On a recent road trip across the Midwest headed towards the East Coast, I happened by a jerky outlet selling exotic meats, such as elk, kangaroo, and even gator jerky. Off to the side in the same shop were PETA t-shirts, though upon closer examination, they read People Eating Tasty Animals. I thought, 'Ah, of course.' The real PETA -- People for the Ethical Treatment of Animals -- has a sense of humor too, which it most recently used to develop a parody video game called Pokemon Black & Blue where kids can help "Pikachu and his Pokemon pals fight their cruel oppressors and gain their freedom." No joke.
The People for the Ethical Treatment of Animals (PETA) ruffled a few feathers earlier this week when the organization seemingly went on a much delayed rampage against Nintendo and its portrayal of Mario as a guy who will "use any means necessary to defeat his enemy," even if it means skinning raccoon dogs. The complaint against 'Tanooki Mario' was silly, to say the least, and the only thing gamers found despicable was PETA's campaign, which included a 2D platform game that has the player chasing down a blood dripping version of Tanooki Mario. Following the backlash, PETA now claims it was all just a gag.
The People for the Ethical Treament of Animals (PETA) is outraged over Mario's Tanooki suit and the message it sends to gamers. Confused? According to PETA, Mario is guilty of the disgusting act of wearing the skin of a raccoon dog to give him special powers, but you shouldn't be surprised because "Mario has been known to use any means necessary to defeat his enemy." The way PETA describes it, you'd think Nintendo's popular game character is a pixelated version of Hannibal Lecter.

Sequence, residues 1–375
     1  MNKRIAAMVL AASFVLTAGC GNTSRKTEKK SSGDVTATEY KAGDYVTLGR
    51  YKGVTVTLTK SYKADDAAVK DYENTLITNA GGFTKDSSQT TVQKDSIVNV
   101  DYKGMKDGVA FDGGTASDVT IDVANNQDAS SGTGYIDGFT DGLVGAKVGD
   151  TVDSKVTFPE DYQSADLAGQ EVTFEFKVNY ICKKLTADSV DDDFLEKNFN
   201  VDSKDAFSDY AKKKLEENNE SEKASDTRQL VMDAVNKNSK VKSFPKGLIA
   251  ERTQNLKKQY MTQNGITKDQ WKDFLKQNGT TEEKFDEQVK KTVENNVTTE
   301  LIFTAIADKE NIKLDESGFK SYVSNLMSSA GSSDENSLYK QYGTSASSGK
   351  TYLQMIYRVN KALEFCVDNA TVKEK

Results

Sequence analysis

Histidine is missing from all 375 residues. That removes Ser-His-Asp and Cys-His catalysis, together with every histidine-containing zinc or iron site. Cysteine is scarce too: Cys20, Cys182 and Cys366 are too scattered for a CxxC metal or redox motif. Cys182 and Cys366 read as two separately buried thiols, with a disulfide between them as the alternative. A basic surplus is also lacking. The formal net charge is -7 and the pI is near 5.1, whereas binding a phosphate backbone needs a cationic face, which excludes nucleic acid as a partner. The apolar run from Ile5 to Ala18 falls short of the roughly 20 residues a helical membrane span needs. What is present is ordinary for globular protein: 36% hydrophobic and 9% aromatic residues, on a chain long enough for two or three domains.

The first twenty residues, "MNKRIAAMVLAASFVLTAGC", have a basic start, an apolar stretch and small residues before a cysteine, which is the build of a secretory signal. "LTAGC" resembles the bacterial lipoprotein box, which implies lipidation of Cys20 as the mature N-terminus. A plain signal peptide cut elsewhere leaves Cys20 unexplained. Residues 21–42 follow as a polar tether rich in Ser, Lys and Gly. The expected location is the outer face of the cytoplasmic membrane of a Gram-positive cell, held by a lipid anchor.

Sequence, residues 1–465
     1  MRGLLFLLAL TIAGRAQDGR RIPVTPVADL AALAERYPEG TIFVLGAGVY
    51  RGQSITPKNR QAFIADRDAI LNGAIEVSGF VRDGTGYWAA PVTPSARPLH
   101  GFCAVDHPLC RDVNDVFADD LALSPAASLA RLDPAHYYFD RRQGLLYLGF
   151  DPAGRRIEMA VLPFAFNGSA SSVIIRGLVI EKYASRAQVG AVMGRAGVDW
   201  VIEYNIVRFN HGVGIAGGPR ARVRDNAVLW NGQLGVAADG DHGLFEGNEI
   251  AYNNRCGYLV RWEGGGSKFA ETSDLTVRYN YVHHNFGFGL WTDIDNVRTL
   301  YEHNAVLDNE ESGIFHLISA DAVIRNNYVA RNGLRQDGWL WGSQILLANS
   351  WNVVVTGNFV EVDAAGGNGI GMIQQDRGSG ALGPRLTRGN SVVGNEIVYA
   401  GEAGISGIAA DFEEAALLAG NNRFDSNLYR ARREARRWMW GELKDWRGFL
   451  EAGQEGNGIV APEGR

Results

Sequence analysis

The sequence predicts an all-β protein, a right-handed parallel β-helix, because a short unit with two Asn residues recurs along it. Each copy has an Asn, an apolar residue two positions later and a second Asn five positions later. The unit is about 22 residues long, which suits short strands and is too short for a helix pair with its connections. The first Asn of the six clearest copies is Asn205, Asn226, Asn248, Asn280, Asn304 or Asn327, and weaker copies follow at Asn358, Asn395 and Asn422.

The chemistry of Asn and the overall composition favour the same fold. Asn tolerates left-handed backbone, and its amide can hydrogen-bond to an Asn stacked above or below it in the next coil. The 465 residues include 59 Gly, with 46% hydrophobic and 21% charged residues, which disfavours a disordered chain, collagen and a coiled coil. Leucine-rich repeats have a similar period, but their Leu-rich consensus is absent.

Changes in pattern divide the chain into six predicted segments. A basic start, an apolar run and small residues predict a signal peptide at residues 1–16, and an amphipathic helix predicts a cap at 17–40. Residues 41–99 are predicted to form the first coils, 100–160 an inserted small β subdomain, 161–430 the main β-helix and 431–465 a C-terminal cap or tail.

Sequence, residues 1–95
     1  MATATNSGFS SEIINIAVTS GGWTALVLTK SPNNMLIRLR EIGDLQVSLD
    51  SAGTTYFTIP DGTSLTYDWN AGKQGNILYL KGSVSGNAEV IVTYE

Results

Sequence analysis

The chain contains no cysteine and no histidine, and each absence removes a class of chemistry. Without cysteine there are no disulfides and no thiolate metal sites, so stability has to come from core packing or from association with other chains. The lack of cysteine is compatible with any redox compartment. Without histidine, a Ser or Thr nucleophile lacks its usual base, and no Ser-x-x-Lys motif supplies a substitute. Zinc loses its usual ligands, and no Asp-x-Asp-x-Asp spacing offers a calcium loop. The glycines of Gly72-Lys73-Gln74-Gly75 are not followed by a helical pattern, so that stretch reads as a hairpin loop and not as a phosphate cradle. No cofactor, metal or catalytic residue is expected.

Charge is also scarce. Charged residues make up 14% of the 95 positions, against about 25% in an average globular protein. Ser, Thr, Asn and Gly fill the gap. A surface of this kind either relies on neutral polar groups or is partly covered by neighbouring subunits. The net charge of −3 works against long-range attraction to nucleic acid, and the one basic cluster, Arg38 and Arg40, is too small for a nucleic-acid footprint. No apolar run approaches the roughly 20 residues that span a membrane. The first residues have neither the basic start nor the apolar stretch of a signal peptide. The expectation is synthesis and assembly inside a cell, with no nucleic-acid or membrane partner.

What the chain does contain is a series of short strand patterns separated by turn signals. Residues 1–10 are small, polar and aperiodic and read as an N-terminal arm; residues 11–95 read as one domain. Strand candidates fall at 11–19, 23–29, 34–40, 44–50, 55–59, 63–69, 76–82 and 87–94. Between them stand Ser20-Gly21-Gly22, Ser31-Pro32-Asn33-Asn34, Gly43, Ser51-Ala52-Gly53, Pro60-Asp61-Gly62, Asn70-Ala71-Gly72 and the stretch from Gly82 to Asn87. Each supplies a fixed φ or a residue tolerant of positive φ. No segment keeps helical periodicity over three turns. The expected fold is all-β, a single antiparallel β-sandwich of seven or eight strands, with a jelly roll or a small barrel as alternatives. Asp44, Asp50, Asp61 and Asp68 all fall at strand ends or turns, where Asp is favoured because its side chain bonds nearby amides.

Battlefield 3 isn’t The Sims; no matter how you decide on approaching the game, a ton of virtual people are going to die gory virtual deaths. That doesn’t faze the German arm of People for the Ethical Treatment of Animals, though. No, what really grinds PETA’s gears is a scene in the game in which a rat is stabbed and then tossed into a trashcan, and the organization has written a press release to let the world know of its outrage. OUTRAGE!
Everyone knows that sex sells. PETA -- People for the Ethical Treatment of Animals -- seems to think the power of sex will also sell the general public on its views for animal rights and giving up meat. The organization is so convinced of its idea that it went and applied for the domain PETA.xxx.
Welcome back, everyone, to another installment of “PETA Says The Darndest Things.” Having already planted its flag in everything from World of Warcraft to Cooking Mama, the animal rights activist group has now taken aim at Super Meat Boy, an indie platformer whose main character – as you might expect – is made entirely of meat. Titled “Super Tofu Boy,” PETA's recipe for hop 'n' bop with a spicy hint of protest – in an utterly shocking twist – casts Meat as the villain. Profound, we know.
So, with a flash game that shamelessly uses its characters staring it in the face, how do you think developer Team Meat responded? Lawsuit, right? Wrong. Turns out, this is exactly what Team Meat wanted.
“Peta is 1000 times more well known than Super Meat Boy and the fact that they went out of their way to make a parody like this is beyond flattering and amazingly helpful. First off I want to thank Peta for helping us turn Super Meat Boy into a household name and of course for making themselves look quite foolish in the process,” said Team Meat’s Edmund McMillen in a statement.
And so, as a show of gratitude, Super Tofu Boy has been granted playable character status in Super Meat Boy. Just type “petaphile” in the protein-packed platformer's character select screen and he's all yours.
“How many Peta members does it take to change a lightbulb?” Team Meat added as a parting shot on Twitter. “None, Peta can't change anything.”
And that, PETA, is why you never pick on the small, seemingly defenseless indie folks; back them into a corner and they have absolutely nothing to lose.